“Blue Velvet,” Copyright Fortune McLemore, 2000
Welcome to Personality Place!
What’s Personality Place all about?
Well…the fact that we all have personalities, really. But, sometimes, we don’t understand “personalities”…someone else’s, or even our own. I’m fascinated with personalities – personality types, how personalities are formed, how they change, personality disorders, and basically, anything to do with them.
My interest in them started early. As the youngest in a family of six, I sort of stood back and went, “Okay…who are these five other people, and how do I get along with them?” Your family is your first exposure to these things called “people,” and “personalities.”
I was also extremely shy growing up. But after I graduated from high school, I said, “The hell with being a wallflower.” So I set out to change my personality. And apparently, I succeeded. Nobody now believes I could ever be shy. I’m intrigued with how personalities change.
I’ve also known several people with personality disorders. Coping with one takes effort and patience, both for the person with it, and people around them. I’d like to offer resources for this.
I want to give a shoutout to my Personality Theory instructor at Upper Iowa University, Lisa Nason. She chose a terrific textbook that I still use in my own personality research, and she was was wonderful in guiding me in my “quest” to discover more about personality. Thanks!
I love everything to do with psychology and mental health, but personality research really “rocks my box.” I have an extensive library of over 250 books, which includes books on other topics, too, like eating disorders, mood disorders, social anxiety, shyness, schizophrenia, substance abuse, Cognitive Behavioral Therapy, psychoanalysis, romantic relationships, self-improvement, family relationships…the list goes on. Among the titles in my collection are the Diagnostic and Statistical Manual, or DSM, 5th edition, written by the American Psychiatric Association – the “bible” of the field” – the Harvard Guide to Psychiatry, 50 Signs of Mental Illness, Your Mental Health (co-authored by an editor of the DSM-IV), A Beautiful Mind, On Becoming A Person, by Carl Rogers, The Art of Counseling by Rollo May, The Road Less Traveled, How The Mind Works, Emotional Intelligence, The Gift of Therapy and Love’s Executioner by Dr. Irving Yalom, and Positive Illusions. And that isn’t even the tip of the iceberg. I’m always looking for more books.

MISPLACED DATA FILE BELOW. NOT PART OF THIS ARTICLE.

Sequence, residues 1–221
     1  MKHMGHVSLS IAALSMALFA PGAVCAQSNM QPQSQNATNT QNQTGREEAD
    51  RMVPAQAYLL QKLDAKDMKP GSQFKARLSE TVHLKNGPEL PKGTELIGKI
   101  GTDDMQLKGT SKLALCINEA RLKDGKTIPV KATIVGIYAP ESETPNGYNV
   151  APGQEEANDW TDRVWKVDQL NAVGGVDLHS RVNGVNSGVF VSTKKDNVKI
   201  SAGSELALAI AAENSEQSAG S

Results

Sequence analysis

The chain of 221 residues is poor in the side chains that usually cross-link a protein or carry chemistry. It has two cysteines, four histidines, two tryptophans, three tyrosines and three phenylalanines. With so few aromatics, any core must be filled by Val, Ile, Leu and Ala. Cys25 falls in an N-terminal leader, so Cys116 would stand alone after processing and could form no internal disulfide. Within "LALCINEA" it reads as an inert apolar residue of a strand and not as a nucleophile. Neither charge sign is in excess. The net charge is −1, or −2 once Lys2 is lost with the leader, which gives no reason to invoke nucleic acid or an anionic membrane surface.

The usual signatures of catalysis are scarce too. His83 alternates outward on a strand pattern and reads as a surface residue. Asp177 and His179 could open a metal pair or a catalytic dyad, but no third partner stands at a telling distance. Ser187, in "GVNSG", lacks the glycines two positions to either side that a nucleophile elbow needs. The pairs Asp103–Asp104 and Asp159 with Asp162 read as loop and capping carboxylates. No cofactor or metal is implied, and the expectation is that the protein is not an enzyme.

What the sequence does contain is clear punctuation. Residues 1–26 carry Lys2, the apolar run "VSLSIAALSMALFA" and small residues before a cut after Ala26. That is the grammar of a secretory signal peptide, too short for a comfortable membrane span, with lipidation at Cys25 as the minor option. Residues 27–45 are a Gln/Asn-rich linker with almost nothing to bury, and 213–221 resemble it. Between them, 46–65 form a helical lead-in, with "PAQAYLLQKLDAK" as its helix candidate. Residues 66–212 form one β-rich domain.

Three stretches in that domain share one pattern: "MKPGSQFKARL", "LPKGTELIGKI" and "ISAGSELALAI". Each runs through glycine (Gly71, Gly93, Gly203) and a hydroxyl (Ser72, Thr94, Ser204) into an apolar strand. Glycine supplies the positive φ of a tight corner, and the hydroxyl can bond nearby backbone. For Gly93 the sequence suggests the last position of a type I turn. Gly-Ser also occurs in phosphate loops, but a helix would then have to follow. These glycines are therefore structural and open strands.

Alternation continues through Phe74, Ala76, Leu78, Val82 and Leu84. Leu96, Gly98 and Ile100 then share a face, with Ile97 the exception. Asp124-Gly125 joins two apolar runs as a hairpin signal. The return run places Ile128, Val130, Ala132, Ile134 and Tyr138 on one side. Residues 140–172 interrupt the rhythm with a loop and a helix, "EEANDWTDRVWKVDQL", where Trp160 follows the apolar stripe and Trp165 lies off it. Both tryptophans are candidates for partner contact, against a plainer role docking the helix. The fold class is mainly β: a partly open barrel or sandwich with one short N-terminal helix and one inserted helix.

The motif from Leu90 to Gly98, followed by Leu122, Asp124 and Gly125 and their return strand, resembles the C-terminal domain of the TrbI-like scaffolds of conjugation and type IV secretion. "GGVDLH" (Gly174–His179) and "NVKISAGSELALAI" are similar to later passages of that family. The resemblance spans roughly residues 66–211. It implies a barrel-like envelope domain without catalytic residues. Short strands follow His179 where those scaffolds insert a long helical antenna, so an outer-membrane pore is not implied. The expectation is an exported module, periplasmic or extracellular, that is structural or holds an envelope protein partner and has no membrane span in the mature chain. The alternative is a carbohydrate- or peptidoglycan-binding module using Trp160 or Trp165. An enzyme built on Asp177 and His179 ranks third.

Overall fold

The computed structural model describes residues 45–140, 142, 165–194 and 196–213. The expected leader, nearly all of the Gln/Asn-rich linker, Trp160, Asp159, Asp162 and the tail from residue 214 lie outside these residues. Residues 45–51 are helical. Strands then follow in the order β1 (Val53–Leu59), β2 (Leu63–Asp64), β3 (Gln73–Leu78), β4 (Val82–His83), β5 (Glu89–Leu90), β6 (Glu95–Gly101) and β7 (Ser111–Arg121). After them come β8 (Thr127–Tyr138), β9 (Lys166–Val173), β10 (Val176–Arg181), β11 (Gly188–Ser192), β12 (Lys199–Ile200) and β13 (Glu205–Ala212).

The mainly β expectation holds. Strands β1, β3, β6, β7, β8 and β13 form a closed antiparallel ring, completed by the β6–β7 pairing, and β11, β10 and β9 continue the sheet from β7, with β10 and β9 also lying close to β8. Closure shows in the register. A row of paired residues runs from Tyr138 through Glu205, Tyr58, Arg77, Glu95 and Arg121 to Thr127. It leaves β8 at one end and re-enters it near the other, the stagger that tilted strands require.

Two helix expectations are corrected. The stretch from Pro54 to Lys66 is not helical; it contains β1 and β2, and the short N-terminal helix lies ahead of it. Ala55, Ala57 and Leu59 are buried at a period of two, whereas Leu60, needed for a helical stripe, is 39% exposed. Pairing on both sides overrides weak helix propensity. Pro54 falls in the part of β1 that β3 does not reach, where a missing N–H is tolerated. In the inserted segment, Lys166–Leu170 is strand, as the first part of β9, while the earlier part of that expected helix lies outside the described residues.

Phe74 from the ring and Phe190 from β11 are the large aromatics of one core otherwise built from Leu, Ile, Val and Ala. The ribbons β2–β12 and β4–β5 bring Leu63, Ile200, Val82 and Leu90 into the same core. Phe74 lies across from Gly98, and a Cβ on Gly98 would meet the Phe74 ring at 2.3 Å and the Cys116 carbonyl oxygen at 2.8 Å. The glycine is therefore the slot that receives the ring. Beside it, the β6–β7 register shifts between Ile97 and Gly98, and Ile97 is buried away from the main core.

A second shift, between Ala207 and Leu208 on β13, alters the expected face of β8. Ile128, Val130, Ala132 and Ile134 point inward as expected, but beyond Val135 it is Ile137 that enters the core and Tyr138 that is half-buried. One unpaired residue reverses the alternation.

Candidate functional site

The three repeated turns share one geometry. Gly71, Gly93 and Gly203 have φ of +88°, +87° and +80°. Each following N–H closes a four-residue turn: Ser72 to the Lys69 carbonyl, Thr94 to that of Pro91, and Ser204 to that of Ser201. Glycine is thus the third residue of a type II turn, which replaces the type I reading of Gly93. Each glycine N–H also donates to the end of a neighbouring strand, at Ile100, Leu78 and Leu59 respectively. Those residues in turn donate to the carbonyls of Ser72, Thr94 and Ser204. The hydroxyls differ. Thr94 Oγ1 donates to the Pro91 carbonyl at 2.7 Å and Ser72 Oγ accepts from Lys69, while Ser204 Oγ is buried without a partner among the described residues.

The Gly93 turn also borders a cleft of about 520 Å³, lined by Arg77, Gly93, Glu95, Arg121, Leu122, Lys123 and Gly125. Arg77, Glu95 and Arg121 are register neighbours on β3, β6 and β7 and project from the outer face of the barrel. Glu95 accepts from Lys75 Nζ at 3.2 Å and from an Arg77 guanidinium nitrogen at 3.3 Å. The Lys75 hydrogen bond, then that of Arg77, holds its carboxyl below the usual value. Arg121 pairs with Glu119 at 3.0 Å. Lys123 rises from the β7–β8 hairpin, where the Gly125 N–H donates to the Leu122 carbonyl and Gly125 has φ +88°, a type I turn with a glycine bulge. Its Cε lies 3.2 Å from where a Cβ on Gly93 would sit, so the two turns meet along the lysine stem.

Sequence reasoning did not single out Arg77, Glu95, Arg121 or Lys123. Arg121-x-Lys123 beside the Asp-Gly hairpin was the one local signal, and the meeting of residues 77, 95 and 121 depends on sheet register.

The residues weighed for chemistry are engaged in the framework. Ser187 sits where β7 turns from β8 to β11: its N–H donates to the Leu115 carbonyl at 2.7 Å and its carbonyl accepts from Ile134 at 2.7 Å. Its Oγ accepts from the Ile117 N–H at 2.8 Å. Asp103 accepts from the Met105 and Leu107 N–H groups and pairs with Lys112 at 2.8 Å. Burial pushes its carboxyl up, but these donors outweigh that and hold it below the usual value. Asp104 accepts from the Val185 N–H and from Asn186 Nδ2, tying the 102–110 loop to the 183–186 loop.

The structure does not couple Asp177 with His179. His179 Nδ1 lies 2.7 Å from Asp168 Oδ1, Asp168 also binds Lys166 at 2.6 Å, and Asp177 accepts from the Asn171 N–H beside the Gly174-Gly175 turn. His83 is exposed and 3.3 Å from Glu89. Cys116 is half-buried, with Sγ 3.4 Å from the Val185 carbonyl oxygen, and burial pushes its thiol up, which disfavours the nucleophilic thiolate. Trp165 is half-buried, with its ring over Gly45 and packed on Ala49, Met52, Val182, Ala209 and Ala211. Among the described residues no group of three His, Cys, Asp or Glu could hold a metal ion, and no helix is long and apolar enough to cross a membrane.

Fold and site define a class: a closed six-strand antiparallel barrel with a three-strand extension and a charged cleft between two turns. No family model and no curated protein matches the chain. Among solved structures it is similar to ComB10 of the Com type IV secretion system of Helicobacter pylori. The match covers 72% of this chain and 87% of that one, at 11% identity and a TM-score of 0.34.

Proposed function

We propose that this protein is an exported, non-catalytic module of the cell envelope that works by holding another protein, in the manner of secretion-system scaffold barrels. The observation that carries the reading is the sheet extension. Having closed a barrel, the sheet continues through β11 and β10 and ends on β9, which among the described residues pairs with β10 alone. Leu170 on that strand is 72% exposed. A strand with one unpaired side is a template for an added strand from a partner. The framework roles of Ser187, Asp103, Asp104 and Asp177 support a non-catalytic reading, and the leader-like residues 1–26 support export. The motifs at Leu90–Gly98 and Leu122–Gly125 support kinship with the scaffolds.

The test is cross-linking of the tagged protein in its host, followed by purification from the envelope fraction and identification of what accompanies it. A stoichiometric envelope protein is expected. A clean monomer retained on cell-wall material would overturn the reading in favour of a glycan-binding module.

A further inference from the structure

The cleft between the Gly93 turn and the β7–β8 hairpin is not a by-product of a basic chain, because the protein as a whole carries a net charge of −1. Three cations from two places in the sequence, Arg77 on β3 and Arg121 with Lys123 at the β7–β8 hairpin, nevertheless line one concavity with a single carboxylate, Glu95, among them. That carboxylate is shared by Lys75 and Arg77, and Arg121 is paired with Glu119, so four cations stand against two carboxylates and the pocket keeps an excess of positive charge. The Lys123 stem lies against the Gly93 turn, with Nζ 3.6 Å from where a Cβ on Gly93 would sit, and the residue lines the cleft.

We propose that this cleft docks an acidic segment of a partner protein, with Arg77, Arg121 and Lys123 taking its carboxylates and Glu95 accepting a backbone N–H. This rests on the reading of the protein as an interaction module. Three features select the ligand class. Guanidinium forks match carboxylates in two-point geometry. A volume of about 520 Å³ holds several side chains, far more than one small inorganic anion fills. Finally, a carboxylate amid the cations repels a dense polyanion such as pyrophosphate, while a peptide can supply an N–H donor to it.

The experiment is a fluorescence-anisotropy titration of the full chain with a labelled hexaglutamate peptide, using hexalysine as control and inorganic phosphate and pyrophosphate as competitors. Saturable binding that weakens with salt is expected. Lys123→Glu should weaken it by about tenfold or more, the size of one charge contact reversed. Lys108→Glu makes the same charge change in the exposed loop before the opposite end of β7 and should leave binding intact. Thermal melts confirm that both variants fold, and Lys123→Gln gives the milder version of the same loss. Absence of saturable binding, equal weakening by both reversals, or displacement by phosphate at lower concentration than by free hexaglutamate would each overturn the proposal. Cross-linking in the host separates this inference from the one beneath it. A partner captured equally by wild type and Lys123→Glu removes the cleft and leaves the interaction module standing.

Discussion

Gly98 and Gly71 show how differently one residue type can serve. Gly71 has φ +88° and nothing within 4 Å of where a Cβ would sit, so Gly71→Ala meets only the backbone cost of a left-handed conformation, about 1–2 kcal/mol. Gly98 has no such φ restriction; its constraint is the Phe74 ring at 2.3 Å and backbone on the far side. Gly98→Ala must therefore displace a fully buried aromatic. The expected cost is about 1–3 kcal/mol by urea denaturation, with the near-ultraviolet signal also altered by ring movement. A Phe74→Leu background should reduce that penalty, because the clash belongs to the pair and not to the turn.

I’ve worked at American Psychological Association, American Psychiatric Association, the International Association of Counseling Services, the American Board of Addiction Medicine, and a psychiatric clinic in Bethesda, MD, all in an administrative capacity. I soaked up everything I could about psychology and mental health in those jobs, which only added to the lifelong reading I’d already done.
I’ve been a Mental Health Examiner for the Washington, D.C. edition of Examiner.com, where I wrote on things like social anxiety disorder, introversion and extroversion, military mental health issues, the differences between borderline personality disorder and bipolar disorder, and suicide related to the recession. I also wrote columns for publicity firms like Lipmann Hearne, who asked me to write about Traumatic Brain Injury. Porter Novelli asked me to write about Tweet to ReMIND, a project associated with reporter Bob Woodward. Carrie Fox, in the DC Metro area, asked me to write about ADHD, for which I interviewed both Blake E.S. Taylor, the youngest person then to have written a book about it, called “ADHD And Me: What I Learned From Lighting Fires At the Dinner Table” (which, yes, he actually did), and Courtney Gifford, Miss Wyoming in the Miss America pageant in 2009. Miss Gifford made ADHD her platform during her time as Miss Wyoming.
I have taken the Family-2-Family class with the National Alliance on Mental Illness, and conducted a survey of crisis centers for CrisisLink, a crisis center in Northern VA. I’m currently finishing my BS in psychology at Upper Iowa Iowa University, in the Self-Paced Program. I want to become a Licensed Professional Counselor (LPC), so I plan to get my Master’s in counseling at Johns Hopkins University, then pursue a Psy.D. in Counseling Psychology. I want to specialize in personality issues in my future practice. I’m a Student Affiliate Member of both the American Psychological Association and the American Counseling Association.
Join me on this journey to learn more about personalities. You’re welcome to write me, comment on things, offer topic suggestions, you name it!